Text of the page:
RE: Inconclusive Gov Saga: There’s Nothing Novel About the Situation in Kogi State – Barr. Omeiza Shadrach, E.

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The greatest menace and grave vice of the world is when one whose position is to feed the public with a right information and wholesome enlightenment choose to be perfidious and lead the same people speedily on a wrong lane. This is what the likes of Oluwole Oladimeji, Esq via the above subject matter as posted on kogireports did and are doing. I say this because as the “learned”, he has violated the 11th commandment. He has misled the public on the point of law as canvassed through his piece.

In as much as I want to believe that there is nothing novel about the inconclusive election in Kogi State, he erred when he surmised that “inconclusive election” has no place in Kogi State scenario and hasten to conclude that INEC violated the provision of Section 179(2) of the 1999 Constitution of the Federal Republic of Nigeria and as such INEC has added to the provision of the law as decided in the case of INEC v. Musa.

Therefore, according to him and his legal permutations, which is fundamentally faulty, James Faleke must be declared the winner of the election, all thanks to the death of Prince Abubakar Audu too, no pun intended. Barr. Oluwole Oladimeji failed to be truthful about the law. He closed his eyes to the exceptions to the general provision of section 179(2) of the 1999Constitution.

This I will explain thus:

The section relied on has an exception clause in section 179 (3a &b; 4a & b and 5) which is the proviso to the general provisions of section 179(2a & b), and in essence give credence to the INEC’s action to announce the election “inconclusive.” It is safe to hold that the “default” (as provided in the section 179 (3a &b; 4a & b and 5)  of a candidate who is “deemed” or “duly” elected by reason of having a highest vote or otherwise, implies a situation where any event or situation impinged the credibility or soundness of being declare the winner of the election. For instance in this scenario where the INEC announced that the election is “inconclusive”, because, according to the Returning Officer, Professor Emmanuel Kucha, the collation of results from the 21 local government areas of the State showed that the cancelled votes were higher in number than the margin between the leading candidate, Prince Abubakar Audu of the APC and the PDP candidate, Captain Idris Wada who was the runner –up. This same scenario played out in Taraba State and Abia State, and the “inconclusiveness” of the election was never a subject of contention or being declared as illegal or unconstitutional by the Court, even though there were candidates with highest votes in the respective States. In fact, during a suit filed in the Federal High Court, FCT, to determine whether or not to stop INEC from proceeding with planned supplementary governorship election in Kogi State, Justice Gabriel Kolawole held that it was incumbent on the Court to take a position on the matter “to enable INEC to conduct the election without a grave shadow of doubt as to the legal or constitutional validity of the said exercise.”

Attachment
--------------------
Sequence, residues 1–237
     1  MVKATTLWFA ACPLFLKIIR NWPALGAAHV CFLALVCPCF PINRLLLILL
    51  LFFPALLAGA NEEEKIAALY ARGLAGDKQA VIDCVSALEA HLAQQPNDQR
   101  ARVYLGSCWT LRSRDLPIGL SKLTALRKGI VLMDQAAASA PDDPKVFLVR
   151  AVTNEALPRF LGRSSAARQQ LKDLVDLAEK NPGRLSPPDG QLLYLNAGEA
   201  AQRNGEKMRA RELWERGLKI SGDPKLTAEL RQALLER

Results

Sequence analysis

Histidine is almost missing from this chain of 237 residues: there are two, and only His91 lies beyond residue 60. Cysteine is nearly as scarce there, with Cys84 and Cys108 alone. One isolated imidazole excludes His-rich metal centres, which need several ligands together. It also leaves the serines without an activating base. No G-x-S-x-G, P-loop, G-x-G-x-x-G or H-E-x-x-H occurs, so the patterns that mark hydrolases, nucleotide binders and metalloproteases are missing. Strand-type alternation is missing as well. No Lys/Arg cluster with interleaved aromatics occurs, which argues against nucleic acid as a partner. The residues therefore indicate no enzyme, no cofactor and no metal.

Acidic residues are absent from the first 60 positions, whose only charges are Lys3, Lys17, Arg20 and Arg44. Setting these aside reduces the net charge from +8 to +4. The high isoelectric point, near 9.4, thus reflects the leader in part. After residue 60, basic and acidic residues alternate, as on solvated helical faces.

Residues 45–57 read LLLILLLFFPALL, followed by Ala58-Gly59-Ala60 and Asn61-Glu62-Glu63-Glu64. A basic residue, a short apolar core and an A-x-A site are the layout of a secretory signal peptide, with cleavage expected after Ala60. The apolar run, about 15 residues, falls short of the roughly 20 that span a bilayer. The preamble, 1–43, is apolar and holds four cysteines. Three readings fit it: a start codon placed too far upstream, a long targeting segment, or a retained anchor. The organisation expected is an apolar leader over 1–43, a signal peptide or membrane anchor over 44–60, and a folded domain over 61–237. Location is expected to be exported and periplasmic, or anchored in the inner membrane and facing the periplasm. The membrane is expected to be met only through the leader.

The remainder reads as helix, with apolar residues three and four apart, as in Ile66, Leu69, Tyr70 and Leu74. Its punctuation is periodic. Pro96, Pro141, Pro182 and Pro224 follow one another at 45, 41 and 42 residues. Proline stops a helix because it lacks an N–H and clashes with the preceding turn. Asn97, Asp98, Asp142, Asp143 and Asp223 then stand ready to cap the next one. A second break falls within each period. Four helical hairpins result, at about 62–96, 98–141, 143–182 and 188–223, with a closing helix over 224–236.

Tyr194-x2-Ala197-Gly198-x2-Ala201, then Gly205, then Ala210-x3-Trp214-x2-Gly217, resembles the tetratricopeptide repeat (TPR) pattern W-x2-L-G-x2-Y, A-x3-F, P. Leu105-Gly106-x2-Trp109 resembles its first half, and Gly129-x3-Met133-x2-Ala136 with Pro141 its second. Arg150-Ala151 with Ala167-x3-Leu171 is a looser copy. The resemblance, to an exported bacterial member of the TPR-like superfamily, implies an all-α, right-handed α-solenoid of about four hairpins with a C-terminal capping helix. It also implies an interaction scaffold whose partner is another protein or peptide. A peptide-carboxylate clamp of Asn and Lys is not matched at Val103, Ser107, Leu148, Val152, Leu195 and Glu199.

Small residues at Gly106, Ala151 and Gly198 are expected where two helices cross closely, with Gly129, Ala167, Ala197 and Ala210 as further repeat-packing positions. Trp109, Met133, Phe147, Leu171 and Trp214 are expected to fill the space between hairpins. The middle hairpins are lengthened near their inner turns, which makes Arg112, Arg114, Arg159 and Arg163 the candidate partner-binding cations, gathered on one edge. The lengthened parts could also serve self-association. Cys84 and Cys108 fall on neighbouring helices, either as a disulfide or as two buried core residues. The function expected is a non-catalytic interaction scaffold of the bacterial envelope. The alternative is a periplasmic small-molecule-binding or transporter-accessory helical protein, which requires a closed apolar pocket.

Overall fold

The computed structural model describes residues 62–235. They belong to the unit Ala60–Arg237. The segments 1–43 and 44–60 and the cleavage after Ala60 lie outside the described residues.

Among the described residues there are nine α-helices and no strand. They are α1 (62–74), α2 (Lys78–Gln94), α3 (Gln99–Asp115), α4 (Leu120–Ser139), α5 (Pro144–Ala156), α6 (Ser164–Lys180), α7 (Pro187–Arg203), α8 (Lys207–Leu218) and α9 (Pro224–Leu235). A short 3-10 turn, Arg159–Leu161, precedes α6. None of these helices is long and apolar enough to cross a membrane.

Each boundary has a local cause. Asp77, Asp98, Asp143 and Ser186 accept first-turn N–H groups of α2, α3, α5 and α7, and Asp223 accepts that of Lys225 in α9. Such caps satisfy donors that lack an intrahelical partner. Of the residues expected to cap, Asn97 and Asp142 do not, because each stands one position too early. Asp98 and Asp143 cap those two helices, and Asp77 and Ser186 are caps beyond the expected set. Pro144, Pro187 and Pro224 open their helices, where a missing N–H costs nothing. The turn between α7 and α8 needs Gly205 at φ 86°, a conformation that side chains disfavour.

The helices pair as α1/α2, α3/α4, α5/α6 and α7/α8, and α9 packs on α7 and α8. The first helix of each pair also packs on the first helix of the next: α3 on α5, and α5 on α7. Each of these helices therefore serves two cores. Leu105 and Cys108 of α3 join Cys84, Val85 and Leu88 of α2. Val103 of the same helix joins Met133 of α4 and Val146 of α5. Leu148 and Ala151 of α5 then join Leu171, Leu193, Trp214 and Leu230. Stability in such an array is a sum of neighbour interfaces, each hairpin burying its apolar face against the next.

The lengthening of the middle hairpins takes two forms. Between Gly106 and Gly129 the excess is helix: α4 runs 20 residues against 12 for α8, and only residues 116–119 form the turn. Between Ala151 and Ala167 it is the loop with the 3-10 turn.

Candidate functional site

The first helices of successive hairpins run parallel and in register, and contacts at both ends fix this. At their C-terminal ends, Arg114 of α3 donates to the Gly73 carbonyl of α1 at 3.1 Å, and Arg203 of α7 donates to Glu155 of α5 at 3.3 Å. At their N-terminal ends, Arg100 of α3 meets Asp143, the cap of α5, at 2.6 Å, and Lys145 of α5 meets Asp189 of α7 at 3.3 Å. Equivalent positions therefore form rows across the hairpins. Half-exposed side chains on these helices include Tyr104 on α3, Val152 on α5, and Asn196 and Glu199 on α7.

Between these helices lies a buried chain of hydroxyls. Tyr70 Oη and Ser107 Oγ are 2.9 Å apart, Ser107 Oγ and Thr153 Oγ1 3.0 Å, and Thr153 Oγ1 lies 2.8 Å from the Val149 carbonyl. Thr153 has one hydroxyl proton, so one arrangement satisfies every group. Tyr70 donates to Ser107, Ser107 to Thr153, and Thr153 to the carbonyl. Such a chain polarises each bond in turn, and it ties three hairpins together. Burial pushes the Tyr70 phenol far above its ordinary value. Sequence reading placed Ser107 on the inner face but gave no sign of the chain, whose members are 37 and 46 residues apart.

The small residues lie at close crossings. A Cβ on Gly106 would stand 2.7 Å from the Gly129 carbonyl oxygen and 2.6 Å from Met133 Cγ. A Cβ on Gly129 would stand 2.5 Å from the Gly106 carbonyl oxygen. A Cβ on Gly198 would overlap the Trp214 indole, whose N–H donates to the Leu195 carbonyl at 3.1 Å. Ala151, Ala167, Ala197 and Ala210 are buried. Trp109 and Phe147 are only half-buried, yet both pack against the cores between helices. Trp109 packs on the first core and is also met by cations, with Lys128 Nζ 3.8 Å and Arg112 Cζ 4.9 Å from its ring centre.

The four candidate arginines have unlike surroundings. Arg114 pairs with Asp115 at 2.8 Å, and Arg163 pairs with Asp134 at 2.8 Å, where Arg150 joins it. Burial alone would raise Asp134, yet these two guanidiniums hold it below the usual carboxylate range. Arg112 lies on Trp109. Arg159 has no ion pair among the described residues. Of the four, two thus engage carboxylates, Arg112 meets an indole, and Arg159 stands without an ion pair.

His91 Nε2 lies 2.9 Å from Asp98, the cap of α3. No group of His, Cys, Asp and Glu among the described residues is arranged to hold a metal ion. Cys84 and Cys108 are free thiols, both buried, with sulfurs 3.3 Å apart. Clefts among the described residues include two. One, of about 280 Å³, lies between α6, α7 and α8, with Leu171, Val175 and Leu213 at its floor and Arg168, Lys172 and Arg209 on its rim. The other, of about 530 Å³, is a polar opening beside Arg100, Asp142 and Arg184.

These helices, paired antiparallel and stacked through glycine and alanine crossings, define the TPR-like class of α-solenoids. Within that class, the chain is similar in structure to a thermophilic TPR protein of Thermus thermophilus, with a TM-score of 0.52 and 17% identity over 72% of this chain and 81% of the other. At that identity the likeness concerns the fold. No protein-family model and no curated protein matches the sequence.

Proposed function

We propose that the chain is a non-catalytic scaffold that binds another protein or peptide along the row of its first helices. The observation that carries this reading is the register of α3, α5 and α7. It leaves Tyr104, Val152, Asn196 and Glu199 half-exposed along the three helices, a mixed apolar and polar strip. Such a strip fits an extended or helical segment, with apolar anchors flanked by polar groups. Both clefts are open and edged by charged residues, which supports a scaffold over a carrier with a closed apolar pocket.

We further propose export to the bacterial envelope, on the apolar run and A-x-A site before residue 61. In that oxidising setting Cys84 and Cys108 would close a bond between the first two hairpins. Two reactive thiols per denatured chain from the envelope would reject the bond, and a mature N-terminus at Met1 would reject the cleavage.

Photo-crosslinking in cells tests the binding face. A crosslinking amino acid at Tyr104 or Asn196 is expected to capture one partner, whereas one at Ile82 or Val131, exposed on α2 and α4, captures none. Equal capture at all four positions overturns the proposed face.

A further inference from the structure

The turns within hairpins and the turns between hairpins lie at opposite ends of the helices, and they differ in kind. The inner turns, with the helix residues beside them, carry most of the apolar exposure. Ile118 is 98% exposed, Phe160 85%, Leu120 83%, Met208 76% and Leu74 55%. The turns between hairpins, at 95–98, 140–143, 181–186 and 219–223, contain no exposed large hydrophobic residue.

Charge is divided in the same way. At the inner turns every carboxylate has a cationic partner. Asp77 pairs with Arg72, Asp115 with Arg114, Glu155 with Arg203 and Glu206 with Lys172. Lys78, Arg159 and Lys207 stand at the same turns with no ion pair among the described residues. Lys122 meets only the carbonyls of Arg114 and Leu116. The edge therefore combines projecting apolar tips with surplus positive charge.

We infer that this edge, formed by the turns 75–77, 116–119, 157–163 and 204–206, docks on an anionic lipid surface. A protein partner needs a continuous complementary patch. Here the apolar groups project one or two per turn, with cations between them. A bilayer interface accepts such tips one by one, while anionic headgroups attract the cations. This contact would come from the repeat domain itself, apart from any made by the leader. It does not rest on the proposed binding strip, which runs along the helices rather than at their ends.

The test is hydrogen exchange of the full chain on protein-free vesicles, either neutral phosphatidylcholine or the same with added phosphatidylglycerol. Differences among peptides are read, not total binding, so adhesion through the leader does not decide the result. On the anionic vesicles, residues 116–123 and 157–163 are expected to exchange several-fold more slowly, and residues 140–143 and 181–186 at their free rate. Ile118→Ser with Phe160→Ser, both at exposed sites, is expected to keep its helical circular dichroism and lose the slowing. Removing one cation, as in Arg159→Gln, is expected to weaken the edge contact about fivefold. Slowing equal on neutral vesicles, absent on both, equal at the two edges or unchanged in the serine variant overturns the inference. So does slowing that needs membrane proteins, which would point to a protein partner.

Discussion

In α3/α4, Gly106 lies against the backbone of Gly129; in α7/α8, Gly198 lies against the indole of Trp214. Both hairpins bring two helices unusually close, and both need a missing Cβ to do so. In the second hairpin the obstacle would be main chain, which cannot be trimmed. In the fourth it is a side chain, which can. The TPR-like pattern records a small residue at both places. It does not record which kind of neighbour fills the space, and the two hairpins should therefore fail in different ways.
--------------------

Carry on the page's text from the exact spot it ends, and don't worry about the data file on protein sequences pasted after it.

Therefore, there is nowhere in the law where INEC is under legal compulsion or obligation to declare the candidate with “highest votes” a winner without putting into the consideration the whole provisions of the laws and valid Electoral Guidelines, neither is there any law or decision of the Court which suggests that it is illegal or unconstitutional to declare an election “inconclusive.”

INEC being the electoral umpire and having considered all the requirements of the enabling laws cannot be faulted when it took decision to announce the election as inconclusive as empowered by the law.

Aderemi, JCA (As he then was) in Dr. Chris N. Ngige Vs. Mr. Peter Obi & Ors (2006)14 NWLR (Pt. 999) 1 at 183 held that, “I hasten to say that it is not only essential that a candidate who wishes to be declared the winner must have a majority of the votes cast, it is of importance that such votes are lawful and/or valid..”

Hence, sentiment aside, it is difficult to see how my learned colleague legal reasoning adds up considering a holistic provision of the law.

– Barr. Omeiza Shadrach, E.

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